Kwakwani residents yesterday walked out on Junior Local Government Minister Norman Whittaker after they took exception to an insult he directed to a resident at a community meeting.
“There is a saying which says empty vessels make the most noise,” Whittaker told over 150 residents at the Kwakwani Workers’ Club, as a resident intermittently made comments as he tried to respond to a question.
As a result, residents walked out in an angry show of their disgust at the statement. “Your eyes pass people. Who the hell you think you is? Calling people empty vessels?” shouted a resident who was among those who stormed out of the venue.
As they left the building Whittaker attempted to apologise but the low-volume public address system did him no favours as his voice was drowned out by the loud and angry residents. “Okay come back, come back, I will apologise,” he said, as he stepped out onto the corridors but his appeals fell on deaf ears.
Only four members of the government-appointed Interim Management Committee (IMC) for the community were left seated in the building along with the sister of the meeting’s chairman, Assistant Regional Executive Officer Devon Bremner. Only six of the 15 IMC members were present at the meeting.
Residents, meanwhile, stood at the front of the building, clapping and chanting. “We come fuh tek it by force,” they repeated.
Before the floor was opened to residents to ask questions, Whittaker had implored them to engage in a meaningful discourse on issues such as health, education and infrastructure for Kwakwani.
It was clear that they were supporters of the citizen-elected committee and not the IMC that was installed to replace the community’s Neighbourhood Democratic Council (NDC). The installation of the IMC was strongly rejected by a majority of residents through a series of protests, while some members of the body said they were unaware of their appointments until they saw it reported in the newspapers. Government, meanwhile, has refused to recognise the legitimacy of the citizens’ committee as there was no legal authority for its establishment.
Resident Neil Patterson had called on the minister to apologise to residents for the manner in which the NDC was dismantled and the IMC installed. “You need to apologise for the way you come here and try to form an IMC. It was very disrespectful to come behind closed doors and handpick. [It] was a non-democratic move and you need to apologise to us before you continue this meeting here,” said Patterson.
“We are not here for sweet talks. The people in this room came here to say to you who they need to see run this community,” he added.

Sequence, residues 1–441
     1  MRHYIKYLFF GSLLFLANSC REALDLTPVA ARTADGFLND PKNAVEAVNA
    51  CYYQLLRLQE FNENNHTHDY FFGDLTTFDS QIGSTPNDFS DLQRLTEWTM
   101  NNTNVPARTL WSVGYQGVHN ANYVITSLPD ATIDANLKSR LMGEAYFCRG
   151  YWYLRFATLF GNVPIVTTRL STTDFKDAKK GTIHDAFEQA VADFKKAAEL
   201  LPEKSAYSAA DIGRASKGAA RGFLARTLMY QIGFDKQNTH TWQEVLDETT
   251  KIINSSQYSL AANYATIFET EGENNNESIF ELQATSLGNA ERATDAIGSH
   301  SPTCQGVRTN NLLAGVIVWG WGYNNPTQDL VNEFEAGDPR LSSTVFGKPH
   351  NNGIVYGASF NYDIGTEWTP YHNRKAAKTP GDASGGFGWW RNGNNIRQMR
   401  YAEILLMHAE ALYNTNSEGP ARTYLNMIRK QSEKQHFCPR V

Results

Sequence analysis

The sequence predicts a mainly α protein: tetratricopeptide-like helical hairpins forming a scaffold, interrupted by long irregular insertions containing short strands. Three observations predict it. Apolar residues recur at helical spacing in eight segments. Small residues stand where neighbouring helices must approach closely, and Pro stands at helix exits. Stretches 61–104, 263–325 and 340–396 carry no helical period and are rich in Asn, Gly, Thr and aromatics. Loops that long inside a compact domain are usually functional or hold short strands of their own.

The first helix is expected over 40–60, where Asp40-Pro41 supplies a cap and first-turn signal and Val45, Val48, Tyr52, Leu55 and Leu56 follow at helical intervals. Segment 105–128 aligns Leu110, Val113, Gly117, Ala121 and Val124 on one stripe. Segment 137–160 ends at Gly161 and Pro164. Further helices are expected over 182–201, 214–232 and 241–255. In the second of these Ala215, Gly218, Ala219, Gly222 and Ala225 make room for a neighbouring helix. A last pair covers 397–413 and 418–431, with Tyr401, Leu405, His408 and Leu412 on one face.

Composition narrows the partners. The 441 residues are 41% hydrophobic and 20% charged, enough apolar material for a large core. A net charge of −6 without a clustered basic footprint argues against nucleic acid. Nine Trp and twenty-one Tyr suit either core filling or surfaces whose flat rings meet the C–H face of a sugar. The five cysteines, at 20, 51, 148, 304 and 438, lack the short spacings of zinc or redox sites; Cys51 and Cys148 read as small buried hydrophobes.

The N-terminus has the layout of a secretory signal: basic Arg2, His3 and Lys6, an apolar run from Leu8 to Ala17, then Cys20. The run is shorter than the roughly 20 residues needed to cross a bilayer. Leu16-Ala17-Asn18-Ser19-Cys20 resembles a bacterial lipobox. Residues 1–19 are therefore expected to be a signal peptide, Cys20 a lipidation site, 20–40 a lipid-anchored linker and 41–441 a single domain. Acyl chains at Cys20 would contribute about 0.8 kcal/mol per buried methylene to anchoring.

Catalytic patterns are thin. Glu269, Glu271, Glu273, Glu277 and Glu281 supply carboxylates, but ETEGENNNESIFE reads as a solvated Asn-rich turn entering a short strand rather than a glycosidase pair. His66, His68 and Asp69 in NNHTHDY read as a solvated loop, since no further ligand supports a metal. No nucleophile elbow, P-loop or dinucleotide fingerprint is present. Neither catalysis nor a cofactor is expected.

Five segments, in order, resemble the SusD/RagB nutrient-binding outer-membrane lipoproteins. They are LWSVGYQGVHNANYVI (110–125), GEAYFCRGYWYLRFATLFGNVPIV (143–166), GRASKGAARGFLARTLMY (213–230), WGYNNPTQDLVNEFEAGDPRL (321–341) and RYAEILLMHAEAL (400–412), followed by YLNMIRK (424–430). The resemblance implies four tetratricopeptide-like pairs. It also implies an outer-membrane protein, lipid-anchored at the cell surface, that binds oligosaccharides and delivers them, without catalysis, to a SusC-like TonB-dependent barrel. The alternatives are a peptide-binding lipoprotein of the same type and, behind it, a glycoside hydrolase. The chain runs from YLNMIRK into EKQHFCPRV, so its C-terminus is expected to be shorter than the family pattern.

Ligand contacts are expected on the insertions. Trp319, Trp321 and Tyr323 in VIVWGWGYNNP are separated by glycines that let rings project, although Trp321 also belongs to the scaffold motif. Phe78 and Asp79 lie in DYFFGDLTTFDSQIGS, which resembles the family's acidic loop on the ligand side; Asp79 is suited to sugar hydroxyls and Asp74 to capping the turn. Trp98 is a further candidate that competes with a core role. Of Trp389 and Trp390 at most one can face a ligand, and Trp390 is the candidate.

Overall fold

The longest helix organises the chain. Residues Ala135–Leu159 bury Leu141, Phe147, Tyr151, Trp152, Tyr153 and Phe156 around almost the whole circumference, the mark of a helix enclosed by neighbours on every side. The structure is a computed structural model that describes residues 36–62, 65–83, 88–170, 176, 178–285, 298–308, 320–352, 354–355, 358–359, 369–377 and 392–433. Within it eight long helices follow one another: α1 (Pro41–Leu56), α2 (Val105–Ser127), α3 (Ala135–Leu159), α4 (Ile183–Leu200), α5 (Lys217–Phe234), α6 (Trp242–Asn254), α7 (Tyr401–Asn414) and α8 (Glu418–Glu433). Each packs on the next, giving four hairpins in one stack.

The environment in the club became very disruptive after Bremner was about to allow a fourth question before the minister responded. Initially, he had said that after three questions, Whittaker would have responded to questions posed by residents.
“I trust that you would be respectful,” Whittaker said before responding to the issues, a short while ahead of his offending statement.
Stabroek News later contacted Whittaker at his hotel in Kwakwani after the meeting. “They were asking me to apologise but I don’t know of any wrongdoing that I should apologise for,” he said.
He added that the correct procedures, as set out in the Local Government Act, were followed, resulting in the installation of the IMC. “Following the petition, we had an inquiry which provided sufficient evidence for us to disband the NDC and install the IMC. That is the procedure according to law,” he reiterated.
According to Whittaker, the ministry remains committed to working with residents as individuals and groups alongside the IMC. During his opening remarks at the meeting, he had said that the government will continue to make the $3 million annual subvention for the community available to the IMC and that it was seeking to have the figure increased to $4.5 million.
He had also challenged the IMC to look at innovative ways of raising other funds for the execution of projects and activities in the community. He suggested the possibility of paid parking lots in addition to the establishment of a market committee, the collecting of rates and taxes and stall rentals.
After Whittaker left, residents returned to the club and announced that there would be a thanksgiving service today, where the committee members they elected would be introduced to the community. The committee would then outline its plans for the community. Residents would also be given the opportunity to make statements, raise issues of concern and identify priority issues.